Similar reforms can and should be extended to liberate the poor on Medicaid to obtain better health coverage and care of their own choice. Block grants of federal Medicaid funds back to the states, which were so successful in reforming the old New Deal, Aid to Families with Dependent Children (AFDC) program in 1996, could be adopted while giving the states broad authority to reform Medicaid to best suit the poor in their state. Each state could then experiment with providing the poor with vouchers that could be used to help pay for the health insurance of their choice, including again HSAs. The voters of each state would then decide how much should be given in assistance at each income level to assure that the poor would be able to buy essential health insurance.

Some states might choose to reform their Medicaid programs primarily focusing on providing the poor on Medicaid with HSAs, like Indiana has recently done. Or they might focus more on covering the poor with managed care programs, like Rhode Island has recently done. Or they might leave the choice completely to each poor family. The important point is that broad opportunities exist for states to assure the poor much better access to essential health care than Medicaid currently does, like both Indiana and Rhode Island have done, even with more efficient control of Medicaid spending.

Such reforms should also be extended to replacing Obamacare, with much broader benefits. Because Obamacare is not only a serious threat to the quality and supply of American health care. It also is a major drag on the American economy, due primarily to the costly regulatory burdens imposed by the program, and the perverse, counterproductive incentives involved.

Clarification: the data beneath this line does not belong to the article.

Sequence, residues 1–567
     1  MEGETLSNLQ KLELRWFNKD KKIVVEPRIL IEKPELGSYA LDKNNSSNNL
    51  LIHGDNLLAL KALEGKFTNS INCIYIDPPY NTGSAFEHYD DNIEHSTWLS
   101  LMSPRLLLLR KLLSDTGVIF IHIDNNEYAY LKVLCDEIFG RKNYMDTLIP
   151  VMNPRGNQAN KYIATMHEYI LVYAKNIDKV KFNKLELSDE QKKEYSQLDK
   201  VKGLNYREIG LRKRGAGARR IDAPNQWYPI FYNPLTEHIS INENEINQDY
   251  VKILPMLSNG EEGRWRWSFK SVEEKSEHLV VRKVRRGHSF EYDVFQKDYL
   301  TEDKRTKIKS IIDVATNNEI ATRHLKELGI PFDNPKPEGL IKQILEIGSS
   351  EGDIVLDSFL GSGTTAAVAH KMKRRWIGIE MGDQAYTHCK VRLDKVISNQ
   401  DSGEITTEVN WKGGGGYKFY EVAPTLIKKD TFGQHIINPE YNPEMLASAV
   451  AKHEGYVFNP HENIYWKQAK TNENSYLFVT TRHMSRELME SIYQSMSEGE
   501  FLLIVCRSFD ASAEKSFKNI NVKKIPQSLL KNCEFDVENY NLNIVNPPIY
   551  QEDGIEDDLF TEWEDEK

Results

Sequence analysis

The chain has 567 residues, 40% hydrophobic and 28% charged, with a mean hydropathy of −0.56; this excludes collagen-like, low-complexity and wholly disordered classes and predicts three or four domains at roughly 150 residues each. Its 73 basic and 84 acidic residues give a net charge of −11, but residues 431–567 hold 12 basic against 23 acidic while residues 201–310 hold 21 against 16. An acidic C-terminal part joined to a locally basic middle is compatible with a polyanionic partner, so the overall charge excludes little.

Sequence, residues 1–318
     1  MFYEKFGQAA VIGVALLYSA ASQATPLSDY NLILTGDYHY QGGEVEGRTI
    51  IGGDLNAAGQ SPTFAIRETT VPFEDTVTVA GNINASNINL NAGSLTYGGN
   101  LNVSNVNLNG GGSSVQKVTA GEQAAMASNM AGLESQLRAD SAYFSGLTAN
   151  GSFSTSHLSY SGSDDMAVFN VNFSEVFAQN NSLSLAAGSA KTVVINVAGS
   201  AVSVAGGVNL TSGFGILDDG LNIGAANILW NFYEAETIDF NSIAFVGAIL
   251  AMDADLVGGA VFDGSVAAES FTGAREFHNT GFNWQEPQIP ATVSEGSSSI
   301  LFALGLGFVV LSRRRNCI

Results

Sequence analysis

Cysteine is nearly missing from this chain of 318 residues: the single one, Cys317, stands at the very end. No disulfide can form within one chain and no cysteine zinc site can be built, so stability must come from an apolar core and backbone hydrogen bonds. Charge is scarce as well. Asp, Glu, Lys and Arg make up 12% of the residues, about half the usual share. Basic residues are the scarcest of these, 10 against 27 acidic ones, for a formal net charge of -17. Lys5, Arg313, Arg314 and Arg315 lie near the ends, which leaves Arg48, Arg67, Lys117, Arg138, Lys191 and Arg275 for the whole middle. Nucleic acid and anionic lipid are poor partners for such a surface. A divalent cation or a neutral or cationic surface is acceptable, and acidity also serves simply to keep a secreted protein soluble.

The employer mandate is the source of much of the problem. The mandate raises the cost of employment, and so results in less of it. This effect is exacerbated by the high cost of the health insurance the Obamacare law requires to satisfy the mandate. That is in the process of raising costs even for employers that already provide health insurance for their workers.

President Obama recognizes this, which is why he has unilaterally and without legal authority delayed implementation of the employer mandate required by the Obamacare law, for years now. He knows, in fact, that the high costs of the Obamacare employer mandate will perversely and counterproductively cause millions to lose the employer provided health insurance they already have.

Because employers and the labor market plan ahead, we have already seen real world effects of this problem. Since the employer mandate only applies to full time employment involving 30 hours a week or more, millions of workers have already seen their hours cut back to part time work below the 30 hours a week threshold. And millions of others have already dropped out of the work force, because they have given up on finding work. This is all documented in the monthly Bureau of Labor Statistics reports. The real world effects can also be seen in the badly lagging U.S. economic growth we have now long suffered under Obama, as the economy never has fully recovered from the recession, which is now years overdue based on the American historical record.

This means that Obamacare can be replaced with reforms that would have major pro-growth effects, spurring the economy to return to the world leading economic growth and prosperity deeply ingrained in America’s heritage. Such reforms are needed as well to prevent Obamacare from deteriorating into single payer, socialized medicine, similar to the VA, regardless of the foolish sentiments favoring precisely that we hear from Nancy Pelosi, Harry Reid, and other “Progressives.” That can be done while more assuredly achieving the original supposed goal of Obamacare of health care for all.